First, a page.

At the age of 60, seminal author and journalist Michael Pollan embarked on the most unusual journey of his career – an investigation into the self, psychedelics and the human mind. In an exclusive interview with the author, we discuss evolution, wonder and the profound value of the psychedelic experience.
The good thing is I’m seldom surprised. The bad thing is I’m seldom surprised.
For years, in a series of unconventional experiments, Pollan has turned over the questions and moral dilemmas that come with life and the culture of living. “Transformation,” remarked the writer, “I’m just fascinated with that process; how you turn nature into culture, how you turn one thing into the other”. In “A Place of My Own,” the author shared a first-person account of constructing his writing studio from the foundations up, whilst in “The Omnivore’s Dilemma”, he reared a cow to better understand the process of eating from source to table. In his latest enquiry, Pollan has concerned himself with the more progressive topic of psychedelics, and their potential to serve as an antidote to what ails the individual and collective self.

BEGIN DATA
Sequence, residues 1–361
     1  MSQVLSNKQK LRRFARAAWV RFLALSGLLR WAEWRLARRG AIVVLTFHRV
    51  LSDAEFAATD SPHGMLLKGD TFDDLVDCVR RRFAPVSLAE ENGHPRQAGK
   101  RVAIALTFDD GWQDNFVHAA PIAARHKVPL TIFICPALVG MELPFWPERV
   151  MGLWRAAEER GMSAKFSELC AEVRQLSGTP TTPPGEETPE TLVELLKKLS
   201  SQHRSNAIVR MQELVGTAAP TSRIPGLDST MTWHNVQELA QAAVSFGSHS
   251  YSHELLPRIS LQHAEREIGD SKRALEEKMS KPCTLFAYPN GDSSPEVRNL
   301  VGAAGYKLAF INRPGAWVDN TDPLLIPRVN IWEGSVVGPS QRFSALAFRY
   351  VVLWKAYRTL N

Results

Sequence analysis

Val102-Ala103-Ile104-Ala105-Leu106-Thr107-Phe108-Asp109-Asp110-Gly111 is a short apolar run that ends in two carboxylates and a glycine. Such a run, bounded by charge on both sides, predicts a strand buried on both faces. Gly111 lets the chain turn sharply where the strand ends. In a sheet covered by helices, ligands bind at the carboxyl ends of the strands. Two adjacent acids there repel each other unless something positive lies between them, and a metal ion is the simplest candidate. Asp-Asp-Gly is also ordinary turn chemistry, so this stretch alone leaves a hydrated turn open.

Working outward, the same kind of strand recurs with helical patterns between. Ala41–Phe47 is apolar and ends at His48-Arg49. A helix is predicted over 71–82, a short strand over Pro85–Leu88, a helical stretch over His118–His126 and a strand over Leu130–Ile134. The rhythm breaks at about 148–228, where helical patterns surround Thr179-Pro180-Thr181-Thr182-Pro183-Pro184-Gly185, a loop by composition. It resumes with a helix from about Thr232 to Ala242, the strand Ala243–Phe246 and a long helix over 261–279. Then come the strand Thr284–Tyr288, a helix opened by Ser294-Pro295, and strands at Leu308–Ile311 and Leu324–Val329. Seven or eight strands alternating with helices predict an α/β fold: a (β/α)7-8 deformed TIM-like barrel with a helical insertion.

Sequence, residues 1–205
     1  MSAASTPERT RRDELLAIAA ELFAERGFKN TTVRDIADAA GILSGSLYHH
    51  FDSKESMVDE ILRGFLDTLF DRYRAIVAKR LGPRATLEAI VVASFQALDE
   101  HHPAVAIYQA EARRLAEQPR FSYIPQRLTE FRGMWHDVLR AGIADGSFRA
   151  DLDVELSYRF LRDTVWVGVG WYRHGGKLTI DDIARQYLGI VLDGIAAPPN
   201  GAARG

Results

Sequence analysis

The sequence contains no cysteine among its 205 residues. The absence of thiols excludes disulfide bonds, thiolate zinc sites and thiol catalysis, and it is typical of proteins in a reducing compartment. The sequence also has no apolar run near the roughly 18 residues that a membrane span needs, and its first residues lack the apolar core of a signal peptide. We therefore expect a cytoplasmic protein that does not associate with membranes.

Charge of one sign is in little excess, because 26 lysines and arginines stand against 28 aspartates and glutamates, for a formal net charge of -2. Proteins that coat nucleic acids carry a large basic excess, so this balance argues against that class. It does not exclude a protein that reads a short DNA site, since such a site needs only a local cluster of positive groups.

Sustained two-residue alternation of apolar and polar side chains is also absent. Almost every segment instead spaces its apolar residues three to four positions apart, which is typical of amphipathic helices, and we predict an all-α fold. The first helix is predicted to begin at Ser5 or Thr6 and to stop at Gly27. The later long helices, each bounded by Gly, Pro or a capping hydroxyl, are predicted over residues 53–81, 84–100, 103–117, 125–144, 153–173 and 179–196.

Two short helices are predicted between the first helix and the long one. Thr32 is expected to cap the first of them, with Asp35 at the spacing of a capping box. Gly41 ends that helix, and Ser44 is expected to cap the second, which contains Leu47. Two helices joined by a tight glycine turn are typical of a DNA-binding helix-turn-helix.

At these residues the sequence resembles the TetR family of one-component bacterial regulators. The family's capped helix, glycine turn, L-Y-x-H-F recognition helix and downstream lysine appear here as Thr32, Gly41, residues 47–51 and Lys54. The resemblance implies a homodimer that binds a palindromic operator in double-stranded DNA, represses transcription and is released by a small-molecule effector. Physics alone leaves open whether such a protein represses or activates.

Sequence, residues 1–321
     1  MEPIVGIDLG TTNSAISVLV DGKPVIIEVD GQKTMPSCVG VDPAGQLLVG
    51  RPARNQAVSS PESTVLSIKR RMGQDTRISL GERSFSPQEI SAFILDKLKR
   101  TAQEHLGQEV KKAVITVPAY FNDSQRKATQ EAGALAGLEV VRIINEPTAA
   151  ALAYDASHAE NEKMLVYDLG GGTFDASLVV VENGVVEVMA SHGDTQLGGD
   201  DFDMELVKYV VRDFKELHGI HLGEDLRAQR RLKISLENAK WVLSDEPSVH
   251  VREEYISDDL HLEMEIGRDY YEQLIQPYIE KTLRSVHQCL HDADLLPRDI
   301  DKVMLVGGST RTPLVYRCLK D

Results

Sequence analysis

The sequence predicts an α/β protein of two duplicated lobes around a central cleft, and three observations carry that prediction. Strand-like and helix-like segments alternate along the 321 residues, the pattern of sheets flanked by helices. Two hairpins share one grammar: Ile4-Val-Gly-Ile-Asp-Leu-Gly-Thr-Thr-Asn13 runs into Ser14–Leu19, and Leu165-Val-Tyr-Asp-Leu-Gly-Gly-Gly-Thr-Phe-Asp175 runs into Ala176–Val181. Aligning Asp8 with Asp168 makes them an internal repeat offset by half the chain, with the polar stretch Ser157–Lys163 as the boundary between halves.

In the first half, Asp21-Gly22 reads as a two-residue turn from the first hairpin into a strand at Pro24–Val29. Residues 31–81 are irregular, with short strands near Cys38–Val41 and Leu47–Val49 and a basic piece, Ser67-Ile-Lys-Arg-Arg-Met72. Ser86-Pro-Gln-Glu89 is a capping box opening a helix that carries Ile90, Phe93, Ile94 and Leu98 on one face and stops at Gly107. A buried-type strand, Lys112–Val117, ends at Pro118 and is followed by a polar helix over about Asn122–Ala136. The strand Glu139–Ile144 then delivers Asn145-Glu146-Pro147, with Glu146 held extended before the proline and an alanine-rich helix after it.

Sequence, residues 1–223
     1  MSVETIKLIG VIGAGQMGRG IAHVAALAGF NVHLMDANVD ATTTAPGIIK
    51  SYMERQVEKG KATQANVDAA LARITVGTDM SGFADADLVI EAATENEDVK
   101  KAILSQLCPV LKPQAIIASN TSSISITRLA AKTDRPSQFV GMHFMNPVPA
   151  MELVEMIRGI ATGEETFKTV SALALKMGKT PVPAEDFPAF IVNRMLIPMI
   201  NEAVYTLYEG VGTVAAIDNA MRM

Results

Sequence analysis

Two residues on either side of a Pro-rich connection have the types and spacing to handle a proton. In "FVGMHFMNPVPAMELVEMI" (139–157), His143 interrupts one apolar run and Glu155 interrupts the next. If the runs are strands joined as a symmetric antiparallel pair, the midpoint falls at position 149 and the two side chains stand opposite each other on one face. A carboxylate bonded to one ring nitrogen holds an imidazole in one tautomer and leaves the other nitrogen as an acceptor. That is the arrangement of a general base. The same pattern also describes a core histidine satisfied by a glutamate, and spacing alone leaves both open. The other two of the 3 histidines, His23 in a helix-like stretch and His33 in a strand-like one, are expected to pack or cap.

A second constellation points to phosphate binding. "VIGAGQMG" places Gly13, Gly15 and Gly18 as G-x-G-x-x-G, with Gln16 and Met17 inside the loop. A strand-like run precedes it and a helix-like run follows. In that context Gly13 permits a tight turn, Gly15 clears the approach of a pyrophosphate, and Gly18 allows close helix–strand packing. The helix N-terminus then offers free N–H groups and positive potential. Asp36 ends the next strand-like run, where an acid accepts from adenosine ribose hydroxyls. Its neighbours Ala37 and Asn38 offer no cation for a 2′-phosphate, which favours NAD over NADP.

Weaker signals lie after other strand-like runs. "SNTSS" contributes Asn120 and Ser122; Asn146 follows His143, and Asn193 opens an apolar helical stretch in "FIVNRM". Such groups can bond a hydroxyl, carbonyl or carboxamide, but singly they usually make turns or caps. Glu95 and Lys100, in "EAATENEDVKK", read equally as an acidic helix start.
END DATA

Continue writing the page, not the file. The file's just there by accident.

His latest publication “How to Change Your Mind,” takes us through the mystifying passages of the psychedelic experience and challenges the misconceptions that enshroud these substances. In a series of first-hand experiences, the author consults with shamans, samples desert toad venom, and mushroom hunts with an expert mycologist, in an attempt to answer the motivations behind humankind’s peculiar desire to change consciousness. Pollan’s affirmative journey of discovery presents a thrilling narrative that marries mysticism with scientific exploration to reach beyond the self and question what it truly means to change your mind.
When we eat, we are taking nature into our bodies. It is changing us, and we’re changing it. We’ve got no choice.
Considering your body of work, what attracted you to the topic of what we consume and how it affects our culture?